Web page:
Bureaucratic systems usually have self-correction features designed-in. These are expensive, like long lists of government regulations for military parts production, but the system gets dysfunctional too quickly without these features, so it is the cost of sticking-around at that level of size and complexity.
Feudalism was a system with a command and payment hierarchy that went from King to serf and back, and mostly did nothing except trickle-up some food and work and wealth. Occasionally the king called for workers or an army. The king and nobles operated a protection racket, promising protection from other kings and nobles. There were some skilled tradesmen. This kind of system arose throughout the world with local variations. There was not necessarily "trust", because wherever you lived, it was just the world as you knew it.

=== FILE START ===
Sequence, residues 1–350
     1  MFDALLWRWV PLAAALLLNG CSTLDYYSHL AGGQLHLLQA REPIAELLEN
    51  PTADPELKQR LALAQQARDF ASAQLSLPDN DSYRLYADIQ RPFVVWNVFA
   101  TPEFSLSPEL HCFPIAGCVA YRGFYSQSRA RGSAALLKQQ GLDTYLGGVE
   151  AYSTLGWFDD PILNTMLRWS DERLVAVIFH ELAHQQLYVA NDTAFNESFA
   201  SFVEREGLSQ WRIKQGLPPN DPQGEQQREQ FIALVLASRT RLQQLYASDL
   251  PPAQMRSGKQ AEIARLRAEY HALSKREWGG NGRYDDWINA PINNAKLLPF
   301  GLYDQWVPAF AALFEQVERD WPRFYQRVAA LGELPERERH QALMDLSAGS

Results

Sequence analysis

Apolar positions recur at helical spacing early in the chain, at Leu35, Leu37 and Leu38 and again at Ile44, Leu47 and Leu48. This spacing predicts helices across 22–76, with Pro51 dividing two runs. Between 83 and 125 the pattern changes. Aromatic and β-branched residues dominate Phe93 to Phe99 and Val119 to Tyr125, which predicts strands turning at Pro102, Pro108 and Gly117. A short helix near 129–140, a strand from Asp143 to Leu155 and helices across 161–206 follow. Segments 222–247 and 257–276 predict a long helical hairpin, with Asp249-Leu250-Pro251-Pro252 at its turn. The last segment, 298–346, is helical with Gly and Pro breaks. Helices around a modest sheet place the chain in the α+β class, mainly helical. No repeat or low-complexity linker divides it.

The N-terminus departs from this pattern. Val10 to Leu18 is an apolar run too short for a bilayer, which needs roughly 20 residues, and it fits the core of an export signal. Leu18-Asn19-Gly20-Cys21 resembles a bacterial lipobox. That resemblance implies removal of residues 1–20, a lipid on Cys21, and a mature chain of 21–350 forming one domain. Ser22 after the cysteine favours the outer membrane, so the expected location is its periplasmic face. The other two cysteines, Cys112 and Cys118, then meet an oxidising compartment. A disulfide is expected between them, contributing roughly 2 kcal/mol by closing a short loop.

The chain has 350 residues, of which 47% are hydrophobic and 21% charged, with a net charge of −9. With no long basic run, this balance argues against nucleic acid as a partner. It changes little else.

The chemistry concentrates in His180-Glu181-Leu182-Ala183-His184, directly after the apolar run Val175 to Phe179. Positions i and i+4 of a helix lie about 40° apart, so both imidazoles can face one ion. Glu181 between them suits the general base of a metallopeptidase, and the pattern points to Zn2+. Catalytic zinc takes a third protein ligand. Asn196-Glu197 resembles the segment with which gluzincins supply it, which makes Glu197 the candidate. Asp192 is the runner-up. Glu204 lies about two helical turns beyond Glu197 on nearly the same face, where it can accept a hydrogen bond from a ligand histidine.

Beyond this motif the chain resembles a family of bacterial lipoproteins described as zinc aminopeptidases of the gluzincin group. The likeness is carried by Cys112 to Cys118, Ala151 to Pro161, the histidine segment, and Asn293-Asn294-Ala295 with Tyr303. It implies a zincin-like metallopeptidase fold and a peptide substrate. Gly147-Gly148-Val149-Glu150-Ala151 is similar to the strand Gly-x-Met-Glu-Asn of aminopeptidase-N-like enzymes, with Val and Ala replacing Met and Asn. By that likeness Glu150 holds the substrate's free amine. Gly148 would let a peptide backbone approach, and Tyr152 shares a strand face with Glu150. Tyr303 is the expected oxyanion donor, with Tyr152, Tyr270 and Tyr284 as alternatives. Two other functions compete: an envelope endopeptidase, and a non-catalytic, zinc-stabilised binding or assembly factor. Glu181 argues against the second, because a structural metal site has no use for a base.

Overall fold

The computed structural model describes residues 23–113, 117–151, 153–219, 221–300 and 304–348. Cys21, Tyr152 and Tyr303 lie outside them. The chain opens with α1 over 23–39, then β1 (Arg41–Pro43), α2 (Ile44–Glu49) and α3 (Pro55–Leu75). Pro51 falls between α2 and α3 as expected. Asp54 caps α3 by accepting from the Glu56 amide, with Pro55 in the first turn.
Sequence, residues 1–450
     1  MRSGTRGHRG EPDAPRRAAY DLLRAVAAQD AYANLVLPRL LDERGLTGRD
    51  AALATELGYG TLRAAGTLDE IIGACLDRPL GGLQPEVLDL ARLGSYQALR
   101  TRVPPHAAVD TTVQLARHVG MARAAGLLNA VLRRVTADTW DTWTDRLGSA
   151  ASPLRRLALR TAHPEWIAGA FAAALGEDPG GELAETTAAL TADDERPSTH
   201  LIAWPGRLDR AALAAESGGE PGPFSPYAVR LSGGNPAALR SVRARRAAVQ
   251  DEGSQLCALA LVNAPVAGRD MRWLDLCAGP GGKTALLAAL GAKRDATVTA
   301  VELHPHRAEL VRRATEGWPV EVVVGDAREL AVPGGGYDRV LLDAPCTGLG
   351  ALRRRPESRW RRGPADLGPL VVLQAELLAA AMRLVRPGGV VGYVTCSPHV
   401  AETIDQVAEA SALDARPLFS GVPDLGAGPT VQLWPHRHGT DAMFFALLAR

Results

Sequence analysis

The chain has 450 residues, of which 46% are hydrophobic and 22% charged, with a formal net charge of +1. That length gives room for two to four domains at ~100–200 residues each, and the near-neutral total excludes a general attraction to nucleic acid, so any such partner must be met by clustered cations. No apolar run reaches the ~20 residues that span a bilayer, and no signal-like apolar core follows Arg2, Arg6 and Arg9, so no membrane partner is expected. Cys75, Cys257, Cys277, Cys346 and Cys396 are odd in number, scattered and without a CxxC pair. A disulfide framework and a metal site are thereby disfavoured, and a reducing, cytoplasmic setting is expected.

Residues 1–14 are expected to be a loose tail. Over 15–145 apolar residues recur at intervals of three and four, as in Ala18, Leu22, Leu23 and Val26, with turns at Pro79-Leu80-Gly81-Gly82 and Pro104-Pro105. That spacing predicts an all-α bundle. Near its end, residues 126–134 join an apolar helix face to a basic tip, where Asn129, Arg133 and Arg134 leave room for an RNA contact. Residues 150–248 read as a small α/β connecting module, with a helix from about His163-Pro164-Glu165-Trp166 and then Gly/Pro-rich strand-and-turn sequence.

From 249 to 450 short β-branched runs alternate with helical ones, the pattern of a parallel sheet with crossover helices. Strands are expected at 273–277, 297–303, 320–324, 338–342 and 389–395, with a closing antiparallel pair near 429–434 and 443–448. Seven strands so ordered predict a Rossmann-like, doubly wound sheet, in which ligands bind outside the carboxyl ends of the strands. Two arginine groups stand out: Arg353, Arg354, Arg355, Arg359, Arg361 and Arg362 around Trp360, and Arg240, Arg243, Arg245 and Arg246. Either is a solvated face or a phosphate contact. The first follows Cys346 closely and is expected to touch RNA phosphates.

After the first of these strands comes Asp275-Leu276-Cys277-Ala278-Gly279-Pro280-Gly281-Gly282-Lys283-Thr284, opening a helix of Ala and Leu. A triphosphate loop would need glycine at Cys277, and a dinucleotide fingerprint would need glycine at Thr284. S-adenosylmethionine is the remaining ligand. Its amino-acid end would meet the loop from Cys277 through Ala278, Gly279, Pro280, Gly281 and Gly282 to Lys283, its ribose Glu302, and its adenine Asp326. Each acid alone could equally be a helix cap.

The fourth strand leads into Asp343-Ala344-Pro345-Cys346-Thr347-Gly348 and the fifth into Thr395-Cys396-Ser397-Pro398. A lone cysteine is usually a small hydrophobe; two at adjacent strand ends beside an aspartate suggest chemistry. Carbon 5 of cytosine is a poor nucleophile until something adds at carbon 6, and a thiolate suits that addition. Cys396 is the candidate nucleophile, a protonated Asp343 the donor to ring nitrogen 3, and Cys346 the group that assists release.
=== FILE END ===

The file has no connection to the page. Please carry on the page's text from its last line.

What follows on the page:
Industrialization destroyed that system, but it provided a flow of stuff, and human societies had to learn how to channel the flow of stuff. It turned out that factory-economy was unbalanced, so some balance was created by exporting weapons to un-industrialized countries, via armies that stole their stuff, made them buy the outputs of factories, and killed anybody who got in the way of that plan. World War-1 almost destroyed that colonialist model, and WW-2 did finish it off, because it was not an efficient use of human resources, natural resources, or factory outputs, compared to a financialized global economy without overt enslavement of peoples, just financial enslavement...